More pressure on households as shilling hits new record low

CBK on Thursday quoted the local currency at 139.11 to the US Dollar.

In Summary

•The local currency, which has been on a back foot since mid-2018 when it stood at 101.29, is expected to further drop analysts have predicted.

•It could hit 150 by December according to a recent report by Absa Bank. 

A cashier at a Nairobi forex bureau counts dollars and shilling notes/
A cashier at a Nairobi forex bureau counts dollars and shilling notes/
Image: FILE

The Kenyan shilling hit a record low during the week ending June 8, crossing the 139 mark to the US dollar, setting the ground for a further jump in the cost of living expected to hit households.

Central Bank of Kenya (CBK'S) weekly bulletin shows the shilling exchanged at 139.11 per US dollar on June 8, compared to 138.49 per US on  May 31.

The local currency, which has been on a back foot since mid-2018 when it stood at 101.29, is expected to further drop analysts have predicted.

It was averaging 124.49 to the dollar in January.

The latest developments now pile pressure on manufacturers and importers with an expected rise in commodity prices, as the country remains a net importer.

Banks have been asking for more than Sh142 for a dollar, way above the Central Bank of Kenya's average, meaning traders will have to cough more to get enough to pay for imports.

Last year, the Kenyan shilling depreciated against, the US dollar (7.5 per cent), the UAE dirham (7.5 per cent), Saudi Riyal (7.4 per cent) and the Chinese Yuan (3.1 per cent), the Economic Survey 2023 indicates.

Within the EAC, the Kenyan shilling weakened against the Tanzanian and Ugandan shilling by 7.0 per cent and 4.5 per cent, respectively, in 2022.

According to the Kenya Association of Manufacturers (KAM), industries will have to pass extra costs to consumers.

“We have no option but to pass extra costs to consumers,” KAM told the Star, with raw materials being the most hit in the sector.

Other commodities whose prices are expected to increase include petroleum products, which will have implications for the cost of transport, farm production, and electricity among others.

Prices of food products such as cooking oil, wheat, maize and other imports are also expected to increase, as the country remains a net importer mainly from Asia.

This will add pressure to households who are already grappling with historic prices of sugar, and exorbitant costs on other food commodities.

Inflation which picked up to eight per cent in May, from 7.9 in April, is expected to increase this month.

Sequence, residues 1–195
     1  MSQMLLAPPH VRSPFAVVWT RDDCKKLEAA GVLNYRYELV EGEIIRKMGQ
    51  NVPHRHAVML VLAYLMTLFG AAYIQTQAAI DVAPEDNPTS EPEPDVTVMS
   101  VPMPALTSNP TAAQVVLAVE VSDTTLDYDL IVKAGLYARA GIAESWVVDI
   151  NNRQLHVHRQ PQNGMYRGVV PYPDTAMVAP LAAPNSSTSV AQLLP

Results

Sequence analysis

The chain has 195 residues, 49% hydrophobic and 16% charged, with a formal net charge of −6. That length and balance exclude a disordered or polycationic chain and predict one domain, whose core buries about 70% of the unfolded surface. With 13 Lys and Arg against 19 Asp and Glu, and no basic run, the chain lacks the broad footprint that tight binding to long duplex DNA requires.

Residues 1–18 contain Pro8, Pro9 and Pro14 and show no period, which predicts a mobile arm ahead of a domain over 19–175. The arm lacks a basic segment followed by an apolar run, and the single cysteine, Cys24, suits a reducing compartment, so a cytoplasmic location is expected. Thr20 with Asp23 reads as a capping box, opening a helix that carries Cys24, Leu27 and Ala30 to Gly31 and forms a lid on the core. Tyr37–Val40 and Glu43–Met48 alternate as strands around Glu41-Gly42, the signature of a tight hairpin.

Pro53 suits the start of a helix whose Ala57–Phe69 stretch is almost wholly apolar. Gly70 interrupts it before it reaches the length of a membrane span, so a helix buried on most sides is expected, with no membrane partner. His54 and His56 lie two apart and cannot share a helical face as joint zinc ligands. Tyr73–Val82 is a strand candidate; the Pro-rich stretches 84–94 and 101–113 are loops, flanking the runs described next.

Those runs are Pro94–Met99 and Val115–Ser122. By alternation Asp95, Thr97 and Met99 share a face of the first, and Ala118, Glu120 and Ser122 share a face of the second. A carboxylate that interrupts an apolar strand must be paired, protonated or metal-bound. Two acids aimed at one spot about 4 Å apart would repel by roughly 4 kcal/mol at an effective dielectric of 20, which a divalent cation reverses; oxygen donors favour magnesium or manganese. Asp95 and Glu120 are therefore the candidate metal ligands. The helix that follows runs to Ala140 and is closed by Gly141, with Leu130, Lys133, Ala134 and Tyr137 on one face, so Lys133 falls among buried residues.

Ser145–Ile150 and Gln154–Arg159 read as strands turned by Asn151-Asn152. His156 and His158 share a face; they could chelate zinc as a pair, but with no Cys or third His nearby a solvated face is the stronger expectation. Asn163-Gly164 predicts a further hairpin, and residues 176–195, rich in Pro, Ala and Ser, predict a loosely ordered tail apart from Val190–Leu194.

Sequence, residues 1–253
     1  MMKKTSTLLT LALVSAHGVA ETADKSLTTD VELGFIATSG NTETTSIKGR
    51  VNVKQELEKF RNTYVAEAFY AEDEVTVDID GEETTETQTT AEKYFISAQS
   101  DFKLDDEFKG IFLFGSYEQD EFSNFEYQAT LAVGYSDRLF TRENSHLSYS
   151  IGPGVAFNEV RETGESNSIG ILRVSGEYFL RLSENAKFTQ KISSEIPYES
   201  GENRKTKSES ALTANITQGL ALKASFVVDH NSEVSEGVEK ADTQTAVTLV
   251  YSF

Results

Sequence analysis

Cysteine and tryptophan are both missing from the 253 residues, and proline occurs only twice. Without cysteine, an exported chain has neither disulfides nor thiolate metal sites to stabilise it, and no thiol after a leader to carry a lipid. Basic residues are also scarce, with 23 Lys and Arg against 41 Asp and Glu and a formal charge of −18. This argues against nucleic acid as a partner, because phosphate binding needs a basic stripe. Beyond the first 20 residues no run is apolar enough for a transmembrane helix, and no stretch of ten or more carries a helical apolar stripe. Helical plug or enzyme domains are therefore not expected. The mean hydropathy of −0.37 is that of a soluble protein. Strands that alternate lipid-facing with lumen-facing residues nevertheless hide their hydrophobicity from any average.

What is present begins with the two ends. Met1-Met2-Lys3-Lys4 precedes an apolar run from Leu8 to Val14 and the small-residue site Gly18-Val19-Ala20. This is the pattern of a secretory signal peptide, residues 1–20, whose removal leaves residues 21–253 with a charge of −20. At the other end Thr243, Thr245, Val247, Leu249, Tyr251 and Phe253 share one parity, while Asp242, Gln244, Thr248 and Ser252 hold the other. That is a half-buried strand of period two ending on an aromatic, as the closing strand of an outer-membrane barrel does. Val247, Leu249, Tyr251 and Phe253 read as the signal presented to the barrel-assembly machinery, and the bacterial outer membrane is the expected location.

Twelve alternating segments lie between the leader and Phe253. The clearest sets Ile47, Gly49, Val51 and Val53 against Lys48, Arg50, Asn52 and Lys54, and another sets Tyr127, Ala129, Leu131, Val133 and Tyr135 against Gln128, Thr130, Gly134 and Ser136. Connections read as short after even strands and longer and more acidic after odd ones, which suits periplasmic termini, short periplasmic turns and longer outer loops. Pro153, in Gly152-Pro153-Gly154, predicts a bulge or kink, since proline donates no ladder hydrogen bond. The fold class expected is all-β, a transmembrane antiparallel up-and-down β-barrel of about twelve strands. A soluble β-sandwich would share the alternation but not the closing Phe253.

The shilling is expected to remain weak with projections of further drops in the medium-term amid persistent forex demand from importers, as well as the impact of rising inflation, according to trading solutions provider – AZA Finance.

“We expect the shilling to continue depreciating in the near term,” said Terry Karanja, senior treasury associate at AZA Finance.

Renaissance Capital has also projected a further slide on the shilling.

"The dollar is expected to continue with its charm offensive in the coming months, a move likely to further hurt weak currencies, piling pressure on already high inflation,'' the financial service advisory firm said. 

Data analyst and financial expert Mihr Thakar, said the risks of the shilling are multifold.

Those in obvious areas are continuing to face hikes or persistent high rates in the US, slow down in export receipts and remittances and confidence issues," Thakar said.

The weak shilling is among a major concern by CEOs in the country, a Central Bank of Kenya survey in May indicates, alongside proposed tax increases in the Finance Bill and reduced liquidity in the market.

These, the surveyed captains of industry, indicated could derail growth in the private sector.

Coupled with increases in fuel prices, they are seen as a major contribution to the cost of doing business in the country; at a time households are struggling with reduced disposable income hence lower purchasing power, the captains say in part.

Analysts at Absa Bank last month indicated the shilling could hit a low of 150 by December, despite the slight ease in global economic constraints.

According to Jeff Gable, the head of FICC Research and chief economist for Absa, the local currency was projected sometime last year to continue weakening to a better part this year, on the back of hiked interest rates by global lenders in efforts to curb inflation.

"The trend will keep on for the rest of this year," Gable said.

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